Mr. McCullough has been criticized by some historians for being too light with his subjects (see the list of other biographical works by David McCullough below). However, as a more casual historian, I found the book to be one of the best biographies I have ever read.

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The author receives NO remuneration from any sales of this book.

A Climate for Change: A Book Review

See the Light and Lead the Fight

A Climate for Change

This is the year I hope to learn a new language. Oh, I will be speaking English (my native tongue), but my goal is to communicate with people who speak a different language of beliefs. They do not believe as I do and, therefore, we have not always communicated effectively.

Two people who have mastered this type of “bi-lingual” communication are the authors of A Climate for Change: Global Warming Facts for Faith-Based Decisions: Katharine Hayhoe and Andrew Farley. This husband-and-wife team have tackled the task of convincing conservative Christians that the realities of climate change are not in conflict with their faith or their values.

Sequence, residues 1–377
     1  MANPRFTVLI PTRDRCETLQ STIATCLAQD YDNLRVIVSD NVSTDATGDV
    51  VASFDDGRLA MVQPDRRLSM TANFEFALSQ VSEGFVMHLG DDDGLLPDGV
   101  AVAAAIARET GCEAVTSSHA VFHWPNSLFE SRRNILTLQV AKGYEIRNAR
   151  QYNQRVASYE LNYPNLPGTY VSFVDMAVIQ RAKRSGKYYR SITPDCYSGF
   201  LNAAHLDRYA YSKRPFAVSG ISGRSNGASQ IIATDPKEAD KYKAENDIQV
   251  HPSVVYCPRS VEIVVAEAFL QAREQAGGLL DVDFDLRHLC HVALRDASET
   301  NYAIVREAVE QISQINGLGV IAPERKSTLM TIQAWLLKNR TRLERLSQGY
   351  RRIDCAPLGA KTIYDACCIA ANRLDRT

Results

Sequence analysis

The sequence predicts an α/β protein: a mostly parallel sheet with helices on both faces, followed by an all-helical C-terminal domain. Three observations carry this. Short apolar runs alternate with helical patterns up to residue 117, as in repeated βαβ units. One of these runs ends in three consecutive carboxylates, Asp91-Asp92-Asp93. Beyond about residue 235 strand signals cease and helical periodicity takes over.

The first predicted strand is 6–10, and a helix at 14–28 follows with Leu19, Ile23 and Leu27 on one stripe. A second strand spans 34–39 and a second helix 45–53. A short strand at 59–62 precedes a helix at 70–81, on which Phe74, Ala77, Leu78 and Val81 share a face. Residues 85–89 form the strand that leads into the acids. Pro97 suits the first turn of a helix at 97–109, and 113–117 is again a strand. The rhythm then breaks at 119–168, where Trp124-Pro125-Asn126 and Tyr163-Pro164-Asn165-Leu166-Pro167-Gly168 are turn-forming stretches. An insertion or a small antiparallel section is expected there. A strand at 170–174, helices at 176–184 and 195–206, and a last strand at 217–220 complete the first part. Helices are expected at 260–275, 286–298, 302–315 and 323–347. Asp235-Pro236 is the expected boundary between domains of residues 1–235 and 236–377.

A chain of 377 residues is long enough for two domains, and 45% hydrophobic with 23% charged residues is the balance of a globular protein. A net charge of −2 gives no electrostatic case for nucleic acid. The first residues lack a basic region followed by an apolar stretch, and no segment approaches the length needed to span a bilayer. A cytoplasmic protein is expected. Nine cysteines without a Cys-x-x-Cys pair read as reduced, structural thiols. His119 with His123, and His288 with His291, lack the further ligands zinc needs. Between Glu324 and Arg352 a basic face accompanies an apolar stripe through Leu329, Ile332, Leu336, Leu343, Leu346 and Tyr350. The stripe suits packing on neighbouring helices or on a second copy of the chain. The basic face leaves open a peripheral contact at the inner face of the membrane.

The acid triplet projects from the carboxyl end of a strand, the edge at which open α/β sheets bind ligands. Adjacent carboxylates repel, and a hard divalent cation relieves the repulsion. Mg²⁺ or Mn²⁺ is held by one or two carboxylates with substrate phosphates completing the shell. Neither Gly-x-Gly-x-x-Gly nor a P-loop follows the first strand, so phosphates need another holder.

Evangelical Christians themselves, Ms. Hayhoe and Mr. Farley present the subject of earth’s climate imperatives gently cradled in supportive words from The Bible.

A Climate for Change brings a much-needed perspective to the subject of global climate change.

“Each new insight reveals more about the delicate and complex mechanisms God has put in place to support life on our planet.”

Ms. Hayhoe is a climate scientist; Mr. Farley is a pastor; both are evangelical Christians. At the time of their marriage, Mr. Farley was a climate-change denier.

Using her faith and the patient practice of communicating with someone who did not believe as she did, Ms. Haydoe was persuasive. As a result, Mr. Farley became a convert – and now staunch supporter. In addition to having penned this book, they both lecture on the impact of global climate change and the possibilities for response by the Christian community.

The power of their shared convictions are evident in the language they speak:

“As Christians, we already have all of the values we need to care about climate change.”

– Katharine Haydoe and Andrew Farley

Caution: The authors included nearly 30 photos, charts, and graphs illustrating important points in this work. The Kindle version of the book, however, does not show those – which is frustrating, to say the least.

“The natural greenhouse effect is a beautiful example of the care God has taken in creating a planet so perfectly suited for life…By adding to that amount, we are tipping the natural balance that God created for us.”